Part of the reason I am interested in blogging on the idea of “calling” is to offer a dirtier, grimier theology of vocation than the cheerier (and perhaps more marketable) versions that are readily available in pulpits and bookshops.
The rhetoric of calling is often hand-in-glove with populist notions of personal fulfillment. Disney has informed much of what we think about vocation. For the record, I love Disney films. But the fulfillment of dreamy wish-making is an underlying motif that intertwines nicely with Western individualism and the promise of personal achievement. This is not the paradigm of vocation for Christian faith.
The premise of vocation-theology is that we have been addressed by a voice entirely outside of ourselves, a voice that is not obligated to grant wishes and dreams.
In fact, the One who speaks may well dash and destroy our dreams and wishes. In “calling” us, God is beckoning us into a paradigm of thinking that can be quite alien to what we know from our cultural upbringing. And his divine summons very often results in the violent shredding of our dreams and wishes.
But as that process of shredding ensues, so also ensues the process of re-acclimating to a different paradigm, to a different way of thinking. I have written in an earlier post that salvation is a process of acculturation—we have to have our minds and hearts reordered and refashioned in order to understand and appreciate the ways of the God who saves… and calls.
Within such an alien paradigm, our calling may at times feel more like a death sentence. Rather than the wish-granting experience of personal fulfillment, divine vocation may seem like an embrace of personal abnegation. Bonhoeffer’s dictum sums it up nicely: “When Christ calls a man, he bids him come and die.”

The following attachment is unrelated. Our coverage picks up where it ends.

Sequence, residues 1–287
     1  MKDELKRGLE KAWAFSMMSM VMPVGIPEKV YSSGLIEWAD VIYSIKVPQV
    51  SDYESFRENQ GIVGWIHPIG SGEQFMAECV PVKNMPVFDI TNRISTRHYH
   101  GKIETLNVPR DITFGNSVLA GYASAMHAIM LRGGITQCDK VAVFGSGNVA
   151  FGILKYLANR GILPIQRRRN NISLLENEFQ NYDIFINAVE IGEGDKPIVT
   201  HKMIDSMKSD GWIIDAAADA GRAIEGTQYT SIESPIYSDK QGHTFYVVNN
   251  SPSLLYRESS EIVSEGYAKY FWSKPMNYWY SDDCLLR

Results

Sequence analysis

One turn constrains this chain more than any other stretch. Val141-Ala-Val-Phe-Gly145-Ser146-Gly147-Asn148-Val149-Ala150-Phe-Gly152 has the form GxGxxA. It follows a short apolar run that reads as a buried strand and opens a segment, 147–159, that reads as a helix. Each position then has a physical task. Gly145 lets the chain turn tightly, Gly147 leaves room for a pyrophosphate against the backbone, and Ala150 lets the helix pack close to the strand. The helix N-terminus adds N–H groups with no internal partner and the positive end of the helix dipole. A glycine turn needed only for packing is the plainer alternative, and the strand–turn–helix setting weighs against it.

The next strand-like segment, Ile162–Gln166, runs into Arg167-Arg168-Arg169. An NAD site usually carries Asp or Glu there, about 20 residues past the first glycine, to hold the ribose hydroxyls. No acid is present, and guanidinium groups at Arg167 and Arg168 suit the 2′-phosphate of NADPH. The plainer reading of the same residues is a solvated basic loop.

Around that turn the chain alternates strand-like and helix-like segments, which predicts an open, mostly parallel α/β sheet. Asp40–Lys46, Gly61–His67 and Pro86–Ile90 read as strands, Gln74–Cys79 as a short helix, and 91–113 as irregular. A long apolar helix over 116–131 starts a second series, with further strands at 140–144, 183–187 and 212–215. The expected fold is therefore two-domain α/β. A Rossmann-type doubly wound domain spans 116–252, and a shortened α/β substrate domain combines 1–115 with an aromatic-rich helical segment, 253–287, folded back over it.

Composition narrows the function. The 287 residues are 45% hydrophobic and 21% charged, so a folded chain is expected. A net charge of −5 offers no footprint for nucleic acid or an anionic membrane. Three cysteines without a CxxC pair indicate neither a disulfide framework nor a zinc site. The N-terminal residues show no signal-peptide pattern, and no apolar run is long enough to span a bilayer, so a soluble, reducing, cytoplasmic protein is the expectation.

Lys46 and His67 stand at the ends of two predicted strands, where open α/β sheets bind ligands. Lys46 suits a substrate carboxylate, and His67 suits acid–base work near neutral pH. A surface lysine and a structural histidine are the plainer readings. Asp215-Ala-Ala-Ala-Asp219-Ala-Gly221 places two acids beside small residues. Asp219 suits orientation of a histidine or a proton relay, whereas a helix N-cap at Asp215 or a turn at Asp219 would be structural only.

So our vocation may look more like failure than success.
I was walking home the other day swallowing the strange and unnerving reality that choosing to pursue my current vocational path may well be the most colossal mistake of my life.
But I also recognize that a calling sourced in Christ will often look just like a grievous, ugly mistake. When Paul recounts his former way of life in Judaism, a career path which would have been deemed as highly successful, he then calls it all “rubbish” (see Philippians 3:3–11). His catalogues of suffering, his summation of the costs—these fly hard in the face of both Western and Greco-Roman ideas of success and fulfillment.
Knowing me, I will probably not figure out whether my own vocational decisions (much milder than Paul’s, of course!) amount to following a divine summons. At least not until I have had years to reflect on it retrospectively. For now, though, I have to live in what I have chosen.
But when we follow Someone who embraced a vocation that ended on a cross, we should not always expect rosy endings.
It also means that no matter the vocational despair, no matter the vocational costs, the calling ultimately and climatically includes resurrection.